WE GET A LOT OF REFERENCE QUESTIONS AT THE KING COUNTY LAW LIBRARY.
THE REFRAIN GOES THAT BECAUSE WE AREN’T PRACTICING ATTORNEYS, WE CAN’T OFFER LEGAL ADVICE—AS LIBRARIANS, WE CAN ONLY OFFER RESOURCES.
THAT SAID, SOME QUESTIONS ARE VERY INTERESTING & INSPIRE ME TO DO SOME RESEARCH OF MY OWN, COLLECTED HERE IN THIS COLUMN. DON’T CONSTRUE THIS AS LEGAL ADVICE!
I like when the seams start to show. This is something I’ve long noticed in myself – as an example, in high school, I became very into finding demo tapes of my favorite songs. I loved how raw and revealing demo recordings can be. What might eventually be throbbing bubblegum euphoria begins as a kind of plinky trancey gumbo – and I think that the latter gives a deeper appreciation to the former. Sometimes it’s the case where the stripped-down nature of a demo provides an intimacy and immediacy that a studio version simply can’t surpass, but I also often subscribe to the “first thought best thought” school. Many a demo tape have eclipsed my love for the studio version.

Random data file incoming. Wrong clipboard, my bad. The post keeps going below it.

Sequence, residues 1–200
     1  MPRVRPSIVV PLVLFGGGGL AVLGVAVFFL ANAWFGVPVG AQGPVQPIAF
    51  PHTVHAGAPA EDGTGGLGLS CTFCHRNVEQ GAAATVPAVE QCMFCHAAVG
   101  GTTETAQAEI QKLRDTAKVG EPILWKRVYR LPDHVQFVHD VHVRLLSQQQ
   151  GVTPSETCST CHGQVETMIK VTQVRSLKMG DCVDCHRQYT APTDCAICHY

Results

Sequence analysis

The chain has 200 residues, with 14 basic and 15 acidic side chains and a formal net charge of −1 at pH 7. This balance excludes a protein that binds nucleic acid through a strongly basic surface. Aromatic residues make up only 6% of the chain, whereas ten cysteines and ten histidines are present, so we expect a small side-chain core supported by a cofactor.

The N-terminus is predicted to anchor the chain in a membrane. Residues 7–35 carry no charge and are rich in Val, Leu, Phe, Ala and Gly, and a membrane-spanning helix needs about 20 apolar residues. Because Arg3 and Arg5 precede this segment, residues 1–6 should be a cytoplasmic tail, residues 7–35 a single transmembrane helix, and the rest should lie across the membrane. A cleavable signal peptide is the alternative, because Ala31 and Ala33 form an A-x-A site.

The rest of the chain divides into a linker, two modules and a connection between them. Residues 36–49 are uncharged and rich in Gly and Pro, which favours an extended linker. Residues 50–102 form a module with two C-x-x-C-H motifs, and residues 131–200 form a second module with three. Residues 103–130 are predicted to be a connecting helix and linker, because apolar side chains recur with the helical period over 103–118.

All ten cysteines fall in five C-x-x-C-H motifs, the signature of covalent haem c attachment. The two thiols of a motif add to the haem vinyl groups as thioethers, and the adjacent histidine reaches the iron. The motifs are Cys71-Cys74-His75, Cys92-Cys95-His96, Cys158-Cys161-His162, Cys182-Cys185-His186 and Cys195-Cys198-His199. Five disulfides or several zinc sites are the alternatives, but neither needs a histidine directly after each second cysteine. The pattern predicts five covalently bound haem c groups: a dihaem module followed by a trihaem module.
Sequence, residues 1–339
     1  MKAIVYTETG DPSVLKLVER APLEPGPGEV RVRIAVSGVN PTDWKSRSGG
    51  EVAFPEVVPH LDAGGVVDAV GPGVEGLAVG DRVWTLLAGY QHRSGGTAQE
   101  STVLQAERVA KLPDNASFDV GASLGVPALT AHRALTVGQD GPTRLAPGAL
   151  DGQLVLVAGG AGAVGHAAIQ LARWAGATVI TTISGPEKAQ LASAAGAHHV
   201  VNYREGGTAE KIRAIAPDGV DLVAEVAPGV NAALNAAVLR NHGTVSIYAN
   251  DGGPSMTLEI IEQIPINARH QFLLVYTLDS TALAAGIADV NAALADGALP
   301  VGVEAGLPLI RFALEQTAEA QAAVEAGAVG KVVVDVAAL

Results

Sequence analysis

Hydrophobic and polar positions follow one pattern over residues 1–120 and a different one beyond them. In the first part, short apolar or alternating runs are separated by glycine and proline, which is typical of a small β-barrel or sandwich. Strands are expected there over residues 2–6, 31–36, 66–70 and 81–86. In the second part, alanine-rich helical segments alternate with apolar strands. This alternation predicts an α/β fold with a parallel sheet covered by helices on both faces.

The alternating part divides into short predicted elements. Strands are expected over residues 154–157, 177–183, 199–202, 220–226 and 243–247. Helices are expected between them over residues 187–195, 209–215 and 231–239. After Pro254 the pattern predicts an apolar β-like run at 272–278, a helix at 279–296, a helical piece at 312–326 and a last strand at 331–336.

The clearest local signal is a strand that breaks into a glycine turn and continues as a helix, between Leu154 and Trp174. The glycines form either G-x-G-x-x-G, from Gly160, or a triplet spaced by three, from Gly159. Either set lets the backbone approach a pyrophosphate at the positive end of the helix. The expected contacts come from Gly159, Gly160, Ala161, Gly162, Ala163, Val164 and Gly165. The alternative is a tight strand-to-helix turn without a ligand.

I just reopened my browser – where was I going with that? Is this an indie rock blog now? I think that paragraph was going to be a simpler and less hyperlinked statement about how I like when the seams show, artistically, that it gives you a deeper understanding of the source, and that would somehow sensically set up how I feel like the seams are starting to show in REALITY and that, in this way, I DON’T like the seams showing. Let’s pretend I made that leap, and it was done well – thanks.
Yes, it was some weeks ago that the seams started to show in this ghastly plane.
It was Wednesday the 12th of July. I overhead a coworker talking to a customer about adverse possession. In my 41 months at the law library, I had yet to encounter this concept before, but I caught the gist of the situation and later debriefed with my coworker.
The following day, I was working in the Kent library. Kent is typically staffed by one KCLL employee at a time – sometimes Kent is a ghost town, but that day, I felt like a bartender barely keeping up. A line had formed, and routine family law and civil procedure wisdom was being dispensed. Sealing – GR 15! Free forms – Family Law Facilitators! Probate packet – sold! But then…